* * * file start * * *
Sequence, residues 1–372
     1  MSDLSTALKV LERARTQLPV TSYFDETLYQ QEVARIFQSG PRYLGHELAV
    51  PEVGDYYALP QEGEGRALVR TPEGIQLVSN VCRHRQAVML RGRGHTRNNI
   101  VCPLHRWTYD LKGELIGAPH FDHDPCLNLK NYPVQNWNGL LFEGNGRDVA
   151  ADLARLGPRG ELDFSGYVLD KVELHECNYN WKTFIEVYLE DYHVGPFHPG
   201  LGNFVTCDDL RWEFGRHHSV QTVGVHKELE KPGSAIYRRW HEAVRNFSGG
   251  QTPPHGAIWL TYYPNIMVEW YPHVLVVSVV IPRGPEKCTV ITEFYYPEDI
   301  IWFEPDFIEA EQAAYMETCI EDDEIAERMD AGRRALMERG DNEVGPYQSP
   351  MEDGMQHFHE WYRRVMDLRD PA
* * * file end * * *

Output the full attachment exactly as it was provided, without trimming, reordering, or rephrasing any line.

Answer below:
Sequence, residues 1–372
     1  MSDLSTALKV LERARTQLPV TSYFDETLYQ QEVARIFQSG PRYLGHELAV
    51  PEVGDYYALP QEGEGRALVR TPEGIQLVSN VCRHRQAVML RGRGHTRNNI
   101  VCPLHRWTYD LKGELIGAPH FDHDPCLNLK NYPVQNWNGL LFEGNGRDVA
   151  ADLARLGPRG ELDFSGYVLD KVELHECNYN WKTFIEVYLE DYHVGPFHPG
   201  LGNFVTCDDL RWEFGRHHSV QTVGVHKELE KPGSAIYRRW HEAVRNFSGG
   251  QTPPHGAIWL TYYPNIMVEW YPHVLVVSVV IPRGPEKCTV ITEFYYPEDI
   301  IWFEPDFIEA EQAAYMETCI EDDEIAERMD AGRRALMERG DNEVGPYQSP
   351  MEDGMQHFHE WYRRVMDLRD PA